42° Good Morning
42° Good Morning

Trump to Boy Scouts: They can learn from the father of Levittown

President Donald Trump poses for photographs with a

President Donald Trump poses for photographs with a group of interns at The White House on July 24, 2017 in Washington, D.C. Credit: Getty Images

WASHINGTON — President Donald Trump on Monday used an anecdote about Long Island master builder William Levitt to highlight to tens of thousands of Boy Scouts gathered in West Virginia, the merits of resilience and keeping momentum.

His remarks about Levitt — who ushered in an era of middle-class suburban living in the 1940s with the Levittown community in Nassau County — were part of an address that otherwise had the trappings of his classic stump speeches.

Trump spoke to the 30,000 Boy Scouts assembled for their annual jamboree in the town of Beaver about the failings of Obamacare, running against Hillary Clinton and the “fake news” media.

He appeared buoyed by the youthful energy of the crowd and offered the story of Levitt’s rise and fall as a parable.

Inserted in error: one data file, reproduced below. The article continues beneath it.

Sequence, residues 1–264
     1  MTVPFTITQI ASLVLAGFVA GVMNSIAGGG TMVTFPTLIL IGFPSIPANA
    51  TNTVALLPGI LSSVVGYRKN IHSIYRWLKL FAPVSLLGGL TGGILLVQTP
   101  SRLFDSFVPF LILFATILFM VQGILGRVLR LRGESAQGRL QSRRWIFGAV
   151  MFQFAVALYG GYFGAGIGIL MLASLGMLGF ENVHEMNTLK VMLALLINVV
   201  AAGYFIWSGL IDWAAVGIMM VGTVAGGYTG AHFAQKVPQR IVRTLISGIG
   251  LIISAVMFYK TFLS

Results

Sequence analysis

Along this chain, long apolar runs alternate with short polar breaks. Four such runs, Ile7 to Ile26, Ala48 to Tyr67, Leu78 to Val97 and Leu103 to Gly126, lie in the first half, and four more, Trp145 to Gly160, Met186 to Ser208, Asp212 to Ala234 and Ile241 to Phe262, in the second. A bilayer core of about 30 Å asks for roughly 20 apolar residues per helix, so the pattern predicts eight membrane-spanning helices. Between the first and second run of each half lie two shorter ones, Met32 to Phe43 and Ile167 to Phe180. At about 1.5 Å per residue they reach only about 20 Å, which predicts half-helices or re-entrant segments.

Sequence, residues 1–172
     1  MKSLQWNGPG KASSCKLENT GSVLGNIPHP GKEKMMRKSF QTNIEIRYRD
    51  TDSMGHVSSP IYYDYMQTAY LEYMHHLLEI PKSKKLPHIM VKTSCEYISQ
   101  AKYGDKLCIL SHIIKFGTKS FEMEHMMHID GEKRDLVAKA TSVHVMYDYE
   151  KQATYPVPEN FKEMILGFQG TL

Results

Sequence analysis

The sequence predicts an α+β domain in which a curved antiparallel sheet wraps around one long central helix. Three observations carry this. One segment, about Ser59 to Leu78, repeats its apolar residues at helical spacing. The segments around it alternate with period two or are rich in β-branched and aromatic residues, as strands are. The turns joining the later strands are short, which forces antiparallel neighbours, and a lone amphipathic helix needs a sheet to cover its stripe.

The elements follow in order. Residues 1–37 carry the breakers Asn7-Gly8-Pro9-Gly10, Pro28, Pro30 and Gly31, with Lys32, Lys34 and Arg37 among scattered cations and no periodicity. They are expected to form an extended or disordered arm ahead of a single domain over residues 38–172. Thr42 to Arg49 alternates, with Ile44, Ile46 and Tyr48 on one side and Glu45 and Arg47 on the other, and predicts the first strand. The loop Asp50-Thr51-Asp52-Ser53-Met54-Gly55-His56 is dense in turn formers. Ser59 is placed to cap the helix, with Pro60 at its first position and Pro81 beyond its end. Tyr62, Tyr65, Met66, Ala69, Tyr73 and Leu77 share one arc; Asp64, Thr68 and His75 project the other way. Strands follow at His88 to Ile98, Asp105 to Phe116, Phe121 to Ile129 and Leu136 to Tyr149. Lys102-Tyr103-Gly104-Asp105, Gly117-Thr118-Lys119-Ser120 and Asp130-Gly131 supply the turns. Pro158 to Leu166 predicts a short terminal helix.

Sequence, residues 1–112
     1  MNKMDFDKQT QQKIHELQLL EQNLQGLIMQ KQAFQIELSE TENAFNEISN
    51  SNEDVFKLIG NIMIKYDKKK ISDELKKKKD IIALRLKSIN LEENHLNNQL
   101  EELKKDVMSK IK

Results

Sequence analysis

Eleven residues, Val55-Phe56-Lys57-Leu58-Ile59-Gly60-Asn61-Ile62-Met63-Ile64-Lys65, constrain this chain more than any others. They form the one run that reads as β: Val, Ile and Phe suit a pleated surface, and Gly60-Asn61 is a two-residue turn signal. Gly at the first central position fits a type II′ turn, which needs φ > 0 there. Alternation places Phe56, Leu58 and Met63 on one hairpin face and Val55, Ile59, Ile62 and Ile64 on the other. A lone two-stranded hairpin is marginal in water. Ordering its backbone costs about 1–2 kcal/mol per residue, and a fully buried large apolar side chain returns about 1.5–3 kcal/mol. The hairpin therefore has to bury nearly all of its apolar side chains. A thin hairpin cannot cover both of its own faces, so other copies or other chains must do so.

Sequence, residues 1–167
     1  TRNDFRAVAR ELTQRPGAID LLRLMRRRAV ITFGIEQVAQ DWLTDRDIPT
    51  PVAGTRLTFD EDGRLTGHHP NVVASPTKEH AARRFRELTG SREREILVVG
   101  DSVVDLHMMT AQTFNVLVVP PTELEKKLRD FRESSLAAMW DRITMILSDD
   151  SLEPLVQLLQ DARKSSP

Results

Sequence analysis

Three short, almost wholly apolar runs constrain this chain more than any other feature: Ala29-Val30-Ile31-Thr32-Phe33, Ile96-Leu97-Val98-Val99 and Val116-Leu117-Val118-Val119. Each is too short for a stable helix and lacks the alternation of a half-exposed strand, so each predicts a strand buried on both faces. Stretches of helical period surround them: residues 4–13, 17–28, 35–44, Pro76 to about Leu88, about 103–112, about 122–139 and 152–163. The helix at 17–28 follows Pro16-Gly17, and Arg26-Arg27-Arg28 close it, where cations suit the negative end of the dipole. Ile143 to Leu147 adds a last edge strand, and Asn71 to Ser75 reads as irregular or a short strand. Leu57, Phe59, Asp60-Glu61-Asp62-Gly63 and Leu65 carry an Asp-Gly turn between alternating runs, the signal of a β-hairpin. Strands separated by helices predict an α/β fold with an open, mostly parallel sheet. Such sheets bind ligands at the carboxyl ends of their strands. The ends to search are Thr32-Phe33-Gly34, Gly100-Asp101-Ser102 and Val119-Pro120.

“Never quit, never give up, do something you love,” Trump told the scouts.

Trump spoke admiringly about Levitt’s meticulous nature as a developer, how he’d inspect and clean homes late into the night in order to leave them “spotless” in the morning.

Levitt ultimately sold his company for a “tremendous amount of money” and bought a “huge yacht,” Trump said. The developer missed working but could not return to his level of success, said Trump, who has transferred management of his own real estate empire to his two eldest sons as he serves in the White House.

Trump recalled seeing Levitt at a cocktail party hosted by fellow developer and Time Warner founder Steve Ross and asking Levitt, “What exactly happened? . . . You were one of the greats ever in this industry.”

Levitt responded, “Donald, I lost my momentum,” according to the president’s recollection.

The anecdote was lengthy and rambling but the president arrived at a conclusion that the Scouts in crowds should persist.

“Work hard and never, ever give up, and you’re going to be tremendously successful,” he told them.

Levitt, of Levitt & Sons, in the 1940s developed mass-produced, affordable houses for returning World War II veterans. Levittown is considered the country’s first modern suburban community.

News Photos and Videos